Proposed California regulations for autonomous delivery vehicles received broad support from Waymo and others at a California Department of Motor Vehicles hearing Thursday. But the Teamsters union expressed concern that such vehicles will replace stable middle-class jobs at delivery companies.
Others believe the regulations could create lucrative technology and vehicle-support jobs.
“We see this as a job creator for the state,” said Judy Kruger, spokeswoman at the Los Angeles County Economic Development Corp.
Kruger estimated the development and deployment of autonomous vehicles will generate $556 billion in spending by 2027.
The DMV proposal governs the testing and deployment of autonomous delivery trucks on public roads. The regulations allow companies to obtain permits to operate light autonomous trucks of less than 10,001 pounds. They could not charge a delivery fee.
“Small, self-driving delivery trucks fit a business model that is gaining momentum,” the DMV said.
Autonomous delivery truck manufacturers are testing in other states because California lacks regulations, the agency said.
The DMV should “expeditiously finalize” the proposed rules, said George Ivanov, a Waymo public policy manager. Waymo is Google’s self-driving vehicle company.
Waymo launched a self-driving ride-hailing service called Waymo One in Phoenix, Ariz., last year. It also is testing self-driving class 8 heavy-duty trucks in Atlanta. Those tests soon will expand to Arizona.
The California “prohibition on testing fully autonomous vehicles over 10,001 pounds is continuing to be a severe constraint on advancing the technology for use in this state,” Ivanov said. He also urged the DMV to finish rulemaking for testing heavy-duty autonomous trucks in the state.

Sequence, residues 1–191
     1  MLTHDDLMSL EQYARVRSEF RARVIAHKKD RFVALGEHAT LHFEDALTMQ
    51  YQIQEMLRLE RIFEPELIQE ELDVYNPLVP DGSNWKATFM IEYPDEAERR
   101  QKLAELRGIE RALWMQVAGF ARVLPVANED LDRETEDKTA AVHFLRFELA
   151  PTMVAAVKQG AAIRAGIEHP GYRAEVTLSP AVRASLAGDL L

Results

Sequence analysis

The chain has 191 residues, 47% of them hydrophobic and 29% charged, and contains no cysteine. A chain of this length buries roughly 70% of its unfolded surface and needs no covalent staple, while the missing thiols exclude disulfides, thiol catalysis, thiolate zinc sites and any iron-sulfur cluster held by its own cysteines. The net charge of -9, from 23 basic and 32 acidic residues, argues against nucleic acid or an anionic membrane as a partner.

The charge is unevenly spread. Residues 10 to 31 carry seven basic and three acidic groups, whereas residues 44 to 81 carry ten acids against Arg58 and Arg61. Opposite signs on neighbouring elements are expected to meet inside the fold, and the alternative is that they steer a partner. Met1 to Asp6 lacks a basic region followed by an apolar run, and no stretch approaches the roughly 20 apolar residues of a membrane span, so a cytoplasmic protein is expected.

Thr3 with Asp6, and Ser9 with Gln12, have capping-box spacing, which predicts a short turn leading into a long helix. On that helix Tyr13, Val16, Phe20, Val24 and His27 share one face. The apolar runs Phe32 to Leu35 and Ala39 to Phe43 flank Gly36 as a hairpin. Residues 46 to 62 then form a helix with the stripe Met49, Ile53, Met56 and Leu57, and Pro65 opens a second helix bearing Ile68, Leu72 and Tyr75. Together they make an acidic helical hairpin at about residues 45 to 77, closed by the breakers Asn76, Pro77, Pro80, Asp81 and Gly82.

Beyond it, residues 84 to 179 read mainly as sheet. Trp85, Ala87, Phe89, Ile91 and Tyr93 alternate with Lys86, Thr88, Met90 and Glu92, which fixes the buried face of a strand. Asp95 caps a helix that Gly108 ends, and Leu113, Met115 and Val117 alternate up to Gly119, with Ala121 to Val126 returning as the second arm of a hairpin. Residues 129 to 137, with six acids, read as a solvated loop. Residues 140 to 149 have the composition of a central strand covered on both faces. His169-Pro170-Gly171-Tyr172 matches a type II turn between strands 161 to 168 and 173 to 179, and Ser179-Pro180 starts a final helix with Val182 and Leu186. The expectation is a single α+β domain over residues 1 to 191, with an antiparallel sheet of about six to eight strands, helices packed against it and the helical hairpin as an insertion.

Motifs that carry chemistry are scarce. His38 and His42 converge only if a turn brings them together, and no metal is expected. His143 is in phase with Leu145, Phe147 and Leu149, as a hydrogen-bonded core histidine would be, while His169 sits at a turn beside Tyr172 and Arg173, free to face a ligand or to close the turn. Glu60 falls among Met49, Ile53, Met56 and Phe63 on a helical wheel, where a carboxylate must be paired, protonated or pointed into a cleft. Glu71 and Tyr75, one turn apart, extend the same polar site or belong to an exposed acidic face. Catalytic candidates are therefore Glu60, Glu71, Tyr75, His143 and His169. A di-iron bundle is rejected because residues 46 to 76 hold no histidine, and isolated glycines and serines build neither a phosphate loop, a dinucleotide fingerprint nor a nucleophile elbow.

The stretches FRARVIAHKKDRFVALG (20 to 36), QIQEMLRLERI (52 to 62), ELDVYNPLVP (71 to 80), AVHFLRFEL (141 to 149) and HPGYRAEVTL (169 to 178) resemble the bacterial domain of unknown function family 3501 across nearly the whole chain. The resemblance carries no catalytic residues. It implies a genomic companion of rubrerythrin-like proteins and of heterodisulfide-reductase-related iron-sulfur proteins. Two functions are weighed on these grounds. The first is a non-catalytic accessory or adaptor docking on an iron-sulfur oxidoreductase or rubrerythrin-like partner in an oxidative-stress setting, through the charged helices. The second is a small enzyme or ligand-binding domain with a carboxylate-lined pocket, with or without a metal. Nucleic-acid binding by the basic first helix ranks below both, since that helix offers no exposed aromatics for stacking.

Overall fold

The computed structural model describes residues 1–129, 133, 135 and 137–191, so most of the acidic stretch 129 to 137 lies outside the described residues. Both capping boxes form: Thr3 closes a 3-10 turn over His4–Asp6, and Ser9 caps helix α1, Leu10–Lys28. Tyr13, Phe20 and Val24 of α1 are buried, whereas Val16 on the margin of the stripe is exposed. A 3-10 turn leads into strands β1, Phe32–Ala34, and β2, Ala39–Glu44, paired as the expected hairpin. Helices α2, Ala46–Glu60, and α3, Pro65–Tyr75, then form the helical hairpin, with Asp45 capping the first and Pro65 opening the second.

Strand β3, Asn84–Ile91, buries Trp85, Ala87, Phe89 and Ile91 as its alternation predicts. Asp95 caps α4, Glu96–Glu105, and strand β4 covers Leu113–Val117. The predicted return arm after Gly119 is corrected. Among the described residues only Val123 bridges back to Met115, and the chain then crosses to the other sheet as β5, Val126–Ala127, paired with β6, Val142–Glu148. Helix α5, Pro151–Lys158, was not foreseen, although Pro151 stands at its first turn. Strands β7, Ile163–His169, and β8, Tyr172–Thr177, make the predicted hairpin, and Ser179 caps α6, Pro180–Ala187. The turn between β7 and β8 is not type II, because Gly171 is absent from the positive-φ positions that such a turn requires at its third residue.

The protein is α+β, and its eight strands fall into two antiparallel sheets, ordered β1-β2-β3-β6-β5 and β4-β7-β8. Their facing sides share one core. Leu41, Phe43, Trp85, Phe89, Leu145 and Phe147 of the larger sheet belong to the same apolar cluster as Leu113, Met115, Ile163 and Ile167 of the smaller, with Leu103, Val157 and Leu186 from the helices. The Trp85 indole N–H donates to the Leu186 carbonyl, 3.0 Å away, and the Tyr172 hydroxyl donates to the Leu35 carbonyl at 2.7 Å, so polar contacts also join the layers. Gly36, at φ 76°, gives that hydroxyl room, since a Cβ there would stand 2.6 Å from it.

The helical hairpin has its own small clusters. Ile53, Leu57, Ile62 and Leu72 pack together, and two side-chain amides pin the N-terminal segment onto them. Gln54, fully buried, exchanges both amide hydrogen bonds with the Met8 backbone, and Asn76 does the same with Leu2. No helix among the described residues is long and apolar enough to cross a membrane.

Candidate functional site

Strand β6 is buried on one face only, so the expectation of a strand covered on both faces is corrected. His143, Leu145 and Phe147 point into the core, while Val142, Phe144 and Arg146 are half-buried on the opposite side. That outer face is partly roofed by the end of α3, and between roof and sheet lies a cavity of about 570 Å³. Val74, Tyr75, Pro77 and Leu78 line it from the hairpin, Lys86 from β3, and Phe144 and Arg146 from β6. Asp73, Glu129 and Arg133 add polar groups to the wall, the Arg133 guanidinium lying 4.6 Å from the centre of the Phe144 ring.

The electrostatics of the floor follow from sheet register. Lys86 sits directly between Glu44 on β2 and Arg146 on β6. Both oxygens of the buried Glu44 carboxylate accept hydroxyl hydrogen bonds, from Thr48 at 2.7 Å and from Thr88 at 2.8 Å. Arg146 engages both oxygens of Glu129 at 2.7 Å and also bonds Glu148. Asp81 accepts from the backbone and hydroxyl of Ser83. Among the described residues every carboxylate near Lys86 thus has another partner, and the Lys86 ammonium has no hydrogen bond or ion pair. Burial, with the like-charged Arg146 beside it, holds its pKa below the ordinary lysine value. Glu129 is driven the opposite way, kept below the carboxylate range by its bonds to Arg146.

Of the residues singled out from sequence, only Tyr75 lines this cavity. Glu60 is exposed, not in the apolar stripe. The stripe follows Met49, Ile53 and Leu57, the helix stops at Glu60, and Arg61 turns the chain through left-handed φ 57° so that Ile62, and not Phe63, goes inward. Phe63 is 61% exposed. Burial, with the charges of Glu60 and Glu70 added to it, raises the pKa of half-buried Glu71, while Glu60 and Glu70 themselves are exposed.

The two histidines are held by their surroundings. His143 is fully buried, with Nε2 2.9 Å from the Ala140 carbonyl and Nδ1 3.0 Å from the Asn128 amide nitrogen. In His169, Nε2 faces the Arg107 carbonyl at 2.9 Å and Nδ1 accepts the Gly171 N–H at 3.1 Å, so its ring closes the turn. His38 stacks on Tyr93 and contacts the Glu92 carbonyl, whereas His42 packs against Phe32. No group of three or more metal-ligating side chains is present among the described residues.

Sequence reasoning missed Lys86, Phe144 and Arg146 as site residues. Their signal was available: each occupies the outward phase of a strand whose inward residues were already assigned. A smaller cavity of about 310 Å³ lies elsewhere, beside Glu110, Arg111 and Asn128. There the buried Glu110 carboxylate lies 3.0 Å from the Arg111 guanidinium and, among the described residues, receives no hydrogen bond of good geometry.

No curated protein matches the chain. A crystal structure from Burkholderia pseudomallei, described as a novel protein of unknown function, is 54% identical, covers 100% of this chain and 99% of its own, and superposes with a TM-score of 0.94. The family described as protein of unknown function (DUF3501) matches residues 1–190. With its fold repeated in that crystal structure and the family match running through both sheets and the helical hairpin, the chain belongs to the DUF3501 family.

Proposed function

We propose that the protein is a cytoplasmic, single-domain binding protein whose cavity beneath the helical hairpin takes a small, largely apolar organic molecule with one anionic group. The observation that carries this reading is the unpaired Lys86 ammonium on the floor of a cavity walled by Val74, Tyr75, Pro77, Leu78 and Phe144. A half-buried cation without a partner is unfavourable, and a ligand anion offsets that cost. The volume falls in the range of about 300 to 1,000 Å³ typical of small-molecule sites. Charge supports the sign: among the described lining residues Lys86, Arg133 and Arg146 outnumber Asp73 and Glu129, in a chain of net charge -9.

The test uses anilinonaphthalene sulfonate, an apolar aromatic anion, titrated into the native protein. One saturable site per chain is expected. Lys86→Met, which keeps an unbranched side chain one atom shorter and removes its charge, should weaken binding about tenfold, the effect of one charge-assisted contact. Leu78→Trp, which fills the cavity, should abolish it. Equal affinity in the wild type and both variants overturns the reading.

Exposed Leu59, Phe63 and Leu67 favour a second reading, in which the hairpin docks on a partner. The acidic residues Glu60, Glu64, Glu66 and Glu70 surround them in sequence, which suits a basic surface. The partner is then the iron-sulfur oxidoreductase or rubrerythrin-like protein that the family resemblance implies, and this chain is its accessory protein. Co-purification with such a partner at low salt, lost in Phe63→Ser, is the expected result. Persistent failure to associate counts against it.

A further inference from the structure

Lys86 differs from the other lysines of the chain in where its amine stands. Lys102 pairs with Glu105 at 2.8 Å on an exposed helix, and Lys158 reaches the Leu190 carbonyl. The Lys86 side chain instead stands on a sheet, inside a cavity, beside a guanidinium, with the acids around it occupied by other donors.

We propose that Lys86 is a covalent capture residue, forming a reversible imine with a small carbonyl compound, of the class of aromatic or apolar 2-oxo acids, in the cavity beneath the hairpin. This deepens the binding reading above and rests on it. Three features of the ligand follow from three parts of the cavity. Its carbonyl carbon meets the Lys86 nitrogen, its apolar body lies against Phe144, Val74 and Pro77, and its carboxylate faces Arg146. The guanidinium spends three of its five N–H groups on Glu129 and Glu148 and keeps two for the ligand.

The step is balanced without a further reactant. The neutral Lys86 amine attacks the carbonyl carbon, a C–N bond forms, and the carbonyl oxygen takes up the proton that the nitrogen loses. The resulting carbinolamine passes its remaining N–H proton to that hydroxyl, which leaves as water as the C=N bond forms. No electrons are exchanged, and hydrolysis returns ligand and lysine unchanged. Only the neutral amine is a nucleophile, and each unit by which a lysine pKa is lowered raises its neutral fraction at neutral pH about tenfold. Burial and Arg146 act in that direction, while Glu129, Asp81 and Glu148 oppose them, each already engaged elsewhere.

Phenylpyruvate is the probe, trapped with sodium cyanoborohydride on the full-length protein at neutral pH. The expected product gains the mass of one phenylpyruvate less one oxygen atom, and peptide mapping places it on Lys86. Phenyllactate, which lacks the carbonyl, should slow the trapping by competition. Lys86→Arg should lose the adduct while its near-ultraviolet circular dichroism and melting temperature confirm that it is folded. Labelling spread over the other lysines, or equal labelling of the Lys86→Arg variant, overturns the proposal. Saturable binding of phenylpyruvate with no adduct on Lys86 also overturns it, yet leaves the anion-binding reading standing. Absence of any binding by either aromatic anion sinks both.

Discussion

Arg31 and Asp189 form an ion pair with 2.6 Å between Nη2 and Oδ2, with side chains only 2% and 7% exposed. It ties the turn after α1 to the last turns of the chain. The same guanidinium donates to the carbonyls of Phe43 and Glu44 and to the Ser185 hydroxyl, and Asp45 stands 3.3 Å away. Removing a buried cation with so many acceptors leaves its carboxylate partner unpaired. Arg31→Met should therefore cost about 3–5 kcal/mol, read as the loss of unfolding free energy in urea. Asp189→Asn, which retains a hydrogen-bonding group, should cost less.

The Teamsters was the only group to oppose the proposed regulations.
“We believe that this proposal is unnecessary, costly and potentially dangerous,” said Matt Broad, a Teamsters spokesman. “Our union is troubled that the regulator of the driving public is so concerned with observing and implementing business models as opposed to the safety of drivers and passengers in California.”
Broad said the union is worried about jobs such as the 100,000 UPS drivers in California. They have “high-paid, stable, middle-class jobs,” he said. “We fear with the deployment of autonomous vehicles, our drivers may be automated out of the work force.”
Other speakers either expressed full support for the new rules or asked for minor revisions.
Nuro is developing a light-duty autonomous vehicle designed for last-mile goods delivery. The Mountain View, Calif., robotics company is running tests in Arizona and Texas.
It doesn’t test in California because the state lacks appropriate regulations, said Nuro spokesman Tim Valderrama.
“We encourage the department to move quickly to finalize these proposed regulations,” Valderrama said. That will allow Nuro to start deliveries in California, he said.
Government agencies also presented their views at the hearing.
The San Francisco Municipal Transportation Agency wants to make sure autonomous delivery vehicles can stop and park at a curb safely, said Katie Angotti, an agency policy analyst.
Curbside parking problems have contributed to hundreds of bicycle crashes in San Francisco, Angotti said.
The San Francisco agency and the Los Angeles Department of Transportation made a joint recommendation. They asked that autonomous delivery vehicles display information that allows the public to report safety incidents to the DMV.
The DMV’s next step is to review the comments to determine if it needs to change the proposed rules. The department plans to issue by the end of this year.